Whitewater Unified School District employee downplays immigration laws and threat of foreign drug cartels; works with attorney to help illegal immigrants bypass laws


Through an extensive public records request, Parents Defending Education obtained correspondence and emails from school staff showing how the crisis at the southern border has impacted the Whitewater Unified School District (WUSD).

The district’s bilingual liaison used school resources, including email and school hours, to plan and coordinate recurring immigration clinics in collaboration with a local lawyer and nonprofits. Topics of discussion ranged from planning and promoting free legal clinics for migrant families, downplaying the immigration laws of the United States, and disregarding the threat of foreign drug cartels potentially operating in the region.

In his email to an immigration attorney, the bilingual liaison requested the lawyer’s assistance in scheduling recurring “immigration clinics” every month or every other month. He referenced the “wave of new immigrants coming to our area in general for the last two years” and wanted to ensure they are “getting the right legal information in Spanish.” He is also performing outreach to find jobs for migrants in the community.

The district employee is also included in emails where individuals disparagingly comment on a newsletter from Rep. Bryan Steil (WI-01) where he highlights the threat of Mexican drug cartels operating in Wisconsin. The individuals described the representative’s comment as contributing to a “hostile climate” and expressed concern that calling attention to his potential public safety concern will be used for political messaging. In the emails, the individuals also critiqued a press conference held by local law enforcement and elected officials as “stoking fear and panic.” An additional exchange called for the individuals included on this email chain, including a school employee, to work together on the “journey” for “justice” for newcomers.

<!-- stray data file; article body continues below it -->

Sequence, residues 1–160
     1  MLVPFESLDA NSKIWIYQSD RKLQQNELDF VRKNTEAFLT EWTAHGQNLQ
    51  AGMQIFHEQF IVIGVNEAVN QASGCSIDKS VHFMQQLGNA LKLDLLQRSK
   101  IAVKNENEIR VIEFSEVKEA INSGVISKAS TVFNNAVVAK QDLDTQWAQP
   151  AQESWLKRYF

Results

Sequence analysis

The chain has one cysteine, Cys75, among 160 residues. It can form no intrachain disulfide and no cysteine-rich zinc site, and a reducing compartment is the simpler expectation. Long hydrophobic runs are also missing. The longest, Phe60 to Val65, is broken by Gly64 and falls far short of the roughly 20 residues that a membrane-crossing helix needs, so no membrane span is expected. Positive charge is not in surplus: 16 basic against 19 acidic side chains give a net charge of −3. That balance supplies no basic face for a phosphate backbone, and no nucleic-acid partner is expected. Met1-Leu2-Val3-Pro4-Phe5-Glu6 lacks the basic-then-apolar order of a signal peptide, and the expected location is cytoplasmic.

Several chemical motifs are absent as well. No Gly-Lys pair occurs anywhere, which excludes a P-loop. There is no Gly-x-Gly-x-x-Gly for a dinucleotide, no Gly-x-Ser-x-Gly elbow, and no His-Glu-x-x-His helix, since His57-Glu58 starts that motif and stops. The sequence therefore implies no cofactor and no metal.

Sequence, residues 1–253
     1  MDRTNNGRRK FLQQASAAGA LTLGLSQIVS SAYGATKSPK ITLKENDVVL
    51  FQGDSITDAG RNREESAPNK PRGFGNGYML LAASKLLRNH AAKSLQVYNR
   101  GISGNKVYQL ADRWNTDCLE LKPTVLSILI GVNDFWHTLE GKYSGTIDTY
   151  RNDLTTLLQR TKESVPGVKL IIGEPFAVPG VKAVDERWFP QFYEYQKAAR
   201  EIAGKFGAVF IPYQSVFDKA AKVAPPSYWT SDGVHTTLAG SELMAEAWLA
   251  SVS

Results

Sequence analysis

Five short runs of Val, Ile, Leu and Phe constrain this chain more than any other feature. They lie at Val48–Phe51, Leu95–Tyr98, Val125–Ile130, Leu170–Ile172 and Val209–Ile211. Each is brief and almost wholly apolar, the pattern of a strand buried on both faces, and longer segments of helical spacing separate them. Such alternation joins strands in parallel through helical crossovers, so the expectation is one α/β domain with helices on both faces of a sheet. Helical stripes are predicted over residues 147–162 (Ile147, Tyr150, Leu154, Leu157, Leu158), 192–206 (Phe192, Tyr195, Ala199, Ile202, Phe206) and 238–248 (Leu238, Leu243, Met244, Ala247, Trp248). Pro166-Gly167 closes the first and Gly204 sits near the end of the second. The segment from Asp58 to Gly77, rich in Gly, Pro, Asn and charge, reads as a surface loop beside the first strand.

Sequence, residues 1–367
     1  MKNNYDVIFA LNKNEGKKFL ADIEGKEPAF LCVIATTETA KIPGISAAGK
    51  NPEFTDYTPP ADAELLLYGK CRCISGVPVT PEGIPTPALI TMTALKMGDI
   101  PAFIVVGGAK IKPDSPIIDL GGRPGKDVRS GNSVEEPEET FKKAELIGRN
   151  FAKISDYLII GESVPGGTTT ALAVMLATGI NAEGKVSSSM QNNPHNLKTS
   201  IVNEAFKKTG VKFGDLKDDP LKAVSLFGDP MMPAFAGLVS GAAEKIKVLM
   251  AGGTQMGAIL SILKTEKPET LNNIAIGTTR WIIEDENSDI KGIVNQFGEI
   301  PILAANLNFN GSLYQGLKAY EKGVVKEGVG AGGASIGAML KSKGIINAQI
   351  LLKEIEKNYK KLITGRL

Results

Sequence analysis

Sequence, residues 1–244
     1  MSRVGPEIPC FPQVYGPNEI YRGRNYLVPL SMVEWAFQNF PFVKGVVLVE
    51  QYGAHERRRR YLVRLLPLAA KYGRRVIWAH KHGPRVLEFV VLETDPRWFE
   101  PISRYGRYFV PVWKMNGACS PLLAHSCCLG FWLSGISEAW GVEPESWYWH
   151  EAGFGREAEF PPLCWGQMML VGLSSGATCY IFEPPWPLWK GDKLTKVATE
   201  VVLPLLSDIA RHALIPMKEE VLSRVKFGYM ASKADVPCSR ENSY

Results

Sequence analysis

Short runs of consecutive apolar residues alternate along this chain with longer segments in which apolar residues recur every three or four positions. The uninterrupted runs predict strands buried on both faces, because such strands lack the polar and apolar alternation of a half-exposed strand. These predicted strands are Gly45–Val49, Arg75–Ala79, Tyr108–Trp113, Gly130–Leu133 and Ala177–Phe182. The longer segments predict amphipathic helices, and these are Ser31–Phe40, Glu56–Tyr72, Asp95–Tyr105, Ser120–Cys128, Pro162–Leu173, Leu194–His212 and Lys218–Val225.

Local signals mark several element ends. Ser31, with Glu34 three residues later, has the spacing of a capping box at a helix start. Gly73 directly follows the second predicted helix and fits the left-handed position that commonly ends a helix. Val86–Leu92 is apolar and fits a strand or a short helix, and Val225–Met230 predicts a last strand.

According to correspondence from Caroline Pate Hefty, WUSD’s superintendent, the school has received 181 migrant students since the 2021-2022 academic year. School email exchanges demonstrate that this influx has created difficulties for teachers and staff including drastically increased reading intervention needs, complexities placing students in corresponding grade levels, and the unpreparedness to handle the wide-ranging needs of some of these students. The school has tracked the multilingual students (ML) coming from households that speak nine different languages.

WUSD also budgeted $40,000 in resources to be used from an Immigrant Children and Youth grant.

WUSD staff were invited by University of Wisconsin-Whitewater (UWW) to participate in a “Community-Based Learning Breakfast” which was branded as an event focused on “Supporting the Local and Regional Latinx and Immigrant Communities.” According to the invitation, it was meant to bring together community organizations that are “collaborating to strategize on how best to support these new members of our communities.”